Dearest High Schoolers, please hear my heart on this. Are you like I was? Completely opposed to Community College? Wanting the so-called “college experience“? Wanting to break free and live somewhere else? Do you have the mindset that school loans are just a part of life, and that you’ll pay them off eventually, no big deal?
That Is Who I Was. That is oh, SO VERY MUCH who I was…but I have grown up a bit; I’ve experienced debt a bit, and I have become a different, wiser person because of the years…because of the debt experience.
Are you a parent who is kind of nervous about your senior going off to a far-flung University, taking on student loans? OH, how I hurt for you. OH how I understand how much you want your kids to have the experience they long for; OH how I know that it seems that debt is just going to have to BE, because what other choice do you have? You want to give your kids the world!
Debt is not the world. Debt is such intense bondage; not only student loans…we’re talking car debt, house debt, credit card debt. But Student Loans top a lot of that, right? Because they are immense. And by allowing your kids to take on student debt to go to the “college of their dreams”, you are essentially allowing them to be trapped for many, many years in the vicious debt cycle…and you are very likely taking that on yourself as well. Normally, student loans need co-signers. If your kiddo doesn’t end up with a job that can pay the bills, you are stuck with them.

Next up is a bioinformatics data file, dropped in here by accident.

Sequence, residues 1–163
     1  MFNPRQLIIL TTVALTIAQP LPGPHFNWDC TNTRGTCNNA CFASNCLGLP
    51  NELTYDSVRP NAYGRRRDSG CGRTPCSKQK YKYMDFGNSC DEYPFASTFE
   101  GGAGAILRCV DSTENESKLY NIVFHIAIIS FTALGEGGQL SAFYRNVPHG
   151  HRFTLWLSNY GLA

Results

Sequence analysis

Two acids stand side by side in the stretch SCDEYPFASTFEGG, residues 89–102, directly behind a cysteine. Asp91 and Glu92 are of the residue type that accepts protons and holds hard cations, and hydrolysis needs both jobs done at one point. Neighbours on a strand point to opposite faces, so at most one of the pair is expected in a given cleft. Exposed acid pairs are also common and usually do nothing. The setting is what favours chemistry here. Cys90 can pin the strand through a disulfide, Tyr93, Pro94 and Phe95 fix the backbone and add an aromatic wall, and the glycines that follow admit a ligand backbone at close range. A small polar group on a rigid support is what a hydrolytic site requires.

I’m here to tell you exactly what I am already telling my kids. And please know that I am just giving you my opinion. I’m not trying to shove anything down your throat; this is a personal decision, involving MY children…but maybe…just maybe…it might be of benefit to you.